Credit-Saving Tips for Canadian Employees
Looking for ways to hold onto as many of your hard-earned dollars as possible? The following information outlines some basic steps you can take to minimize your tax outlay.
Get a refund when you overpay CPP (Canada Pension Plan) premiums
As you may know, your employer has to take CPP premiums off your pay. However, it’s possible that you paid too much! This most commonly happens when you held more than one job during the year — because each employer is obligated to withhold CPP without regard to your other employers, you may have maxed out your annual payments. See the Canada Revenue Agency website for the current year’s maximum contribution.
If you were not a resident of Quebec and you contributed more than you were required to, enter the difference on line 448 of your tax return. The CRA will refund the excess contributions to you, or will apply them to reduce your balance owing. If you were a resident of Quebec, this line does not apply to you; claim the excess amount on your Quebec provincial tax return.
Don’t worry if you don’t realize you made a CPP overpayment. The CRA will catch it when assessing your return.
Get a refund when you overpay EI (Employment Insurance) premiums
As with the CPP overpayment, you may have had too much EI deducted from your pay in the year. If you contributed more than you had to, enter the difference on line 450. The CRA will refund the excess amount to you or use it to reduce your balance owing. See the CRA website for the current year’s maximum contribution.
If you repaid some of the EI benefits you received, don’t claim the repayment on this line. If the repayment was in connection with EI received in 2008 or later years, you need to include the amount on line 235.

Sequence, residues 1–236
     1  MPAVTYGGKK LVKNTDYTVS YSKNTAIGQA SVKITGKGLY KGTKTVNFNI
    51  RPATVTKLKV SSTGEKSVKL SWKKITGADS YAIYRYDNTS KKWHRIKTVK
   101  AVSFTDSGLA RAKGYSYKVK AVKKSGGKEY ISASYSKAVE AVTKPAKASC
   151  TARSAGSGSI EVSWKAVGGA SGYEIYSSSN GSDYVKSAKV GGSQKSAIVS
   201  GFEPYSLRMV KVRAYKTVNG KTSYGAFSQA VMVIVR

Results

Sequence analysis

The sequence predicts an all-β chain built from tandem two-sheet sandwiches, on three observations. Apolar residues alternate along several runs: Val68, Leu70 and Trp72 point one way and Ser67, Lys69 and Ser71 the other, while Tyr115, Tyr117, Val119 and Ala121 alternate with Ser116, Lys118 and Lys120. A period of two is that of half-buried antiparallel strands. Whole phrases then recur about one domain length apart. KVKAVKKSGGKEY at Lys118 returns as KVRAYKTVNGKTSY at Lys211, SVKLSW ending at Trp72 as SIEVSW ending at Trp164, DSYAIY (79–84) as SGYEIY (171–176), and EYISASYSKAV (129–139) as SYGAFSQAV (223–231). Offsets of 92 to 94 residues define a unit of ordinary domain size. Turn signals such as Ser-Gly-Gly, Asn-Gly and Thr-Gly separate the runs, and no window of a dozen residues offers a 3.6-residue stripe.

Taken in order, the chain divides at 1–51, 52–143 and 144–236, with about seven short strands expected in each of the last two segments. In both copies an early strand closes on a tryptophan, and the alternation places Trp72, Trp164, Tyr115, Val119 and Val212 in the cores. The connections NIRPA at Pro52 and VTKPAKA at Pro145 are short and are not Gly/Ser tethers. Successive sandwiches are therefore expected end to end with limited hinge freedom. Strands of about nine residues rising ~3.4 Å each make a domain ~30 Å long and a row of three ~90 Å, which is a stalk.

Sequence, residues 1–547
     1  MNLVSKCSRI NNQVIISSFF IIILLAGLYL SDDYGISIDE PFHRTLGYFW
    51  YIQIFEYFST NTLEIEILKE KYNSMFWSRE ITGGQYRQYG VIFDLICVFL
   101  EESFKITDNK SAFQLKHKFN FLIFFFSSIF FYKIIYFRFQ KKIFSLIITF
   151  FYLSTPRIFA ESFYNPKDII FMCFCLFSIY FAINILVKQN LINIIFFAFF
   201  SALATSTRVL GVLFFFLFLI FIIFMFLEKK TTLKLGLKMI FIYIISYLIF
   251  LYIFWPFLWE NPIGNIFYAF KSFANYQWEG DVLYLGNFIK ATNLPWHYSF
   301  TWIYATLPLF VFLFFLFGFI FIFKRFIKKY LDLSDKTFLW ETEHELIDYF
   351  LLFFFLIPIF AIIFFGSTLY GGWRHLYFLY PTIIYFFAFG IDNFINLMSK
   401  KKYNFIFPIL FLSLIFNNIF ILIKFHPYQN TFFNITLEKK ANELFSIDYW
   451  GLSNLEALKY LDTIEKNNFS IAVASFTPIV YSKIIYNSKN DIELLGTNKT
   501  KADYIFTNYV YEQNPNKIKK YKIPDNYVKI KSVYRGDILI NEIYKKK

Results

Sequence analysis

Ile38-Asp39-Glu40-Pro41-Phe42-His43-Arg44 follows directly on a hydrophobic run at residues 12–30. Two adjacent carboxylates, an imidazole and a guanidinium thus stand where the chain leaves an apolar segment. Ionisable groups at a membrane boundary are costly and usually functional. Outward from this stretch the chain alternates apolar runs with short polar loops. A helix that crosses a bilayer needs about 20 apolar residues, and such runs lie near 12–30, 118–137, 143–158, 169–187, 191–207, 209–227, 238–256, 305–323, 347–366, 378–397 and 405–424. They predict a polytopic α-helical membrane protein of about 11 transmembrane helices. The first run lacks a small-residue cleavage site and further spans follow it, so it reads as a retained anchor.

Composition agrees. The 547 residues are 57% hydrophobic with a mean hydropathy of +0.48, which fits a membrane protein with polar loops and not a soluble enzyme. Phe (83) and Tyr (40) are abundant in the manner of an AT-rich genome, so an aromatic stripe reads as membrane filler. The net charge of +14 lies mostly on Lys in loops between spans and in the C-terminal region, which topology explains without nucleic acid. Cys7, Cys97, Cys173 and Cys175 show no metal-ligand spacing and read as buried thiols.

Claim the Canada Employment Amount
This credit is designed to help offset some of the work-related expenses incurred by employees. For 2012 the credit amount is calculated as the lesser of $1,095 and the individual’s employment income for the year.
You don’t have to actually incur expenses in order to claim this credit. And no receipts are required. This is a gimme, so be sure to claim it — and save $164.25 in federal tax ($1,095 x 15 percent)!
Deduct your union or professional dues
Because you’re taxed on pretty much all your income, it’s logical that costs incurred to earn the income are deductible. It is logical — but no one ever said the Income Tax Act was logical. One of the deductions permitted is the cost of belonging to a union or to a professional body, or the cost of carrying professional or malpractice insurance. Union dues paid are noted in box 44 of your T4. Fees paid to professional organizations are usually receipted. If your employer pays the fees for your professional memberships or insurance, the employer gets the tax deduction — you don’t, even if the receipt is in your name.
If you paid GST (goods and services tax) or HST (harmonized sales tax) on your union or professional dues, you may be able to have the GST or HST refunded to you.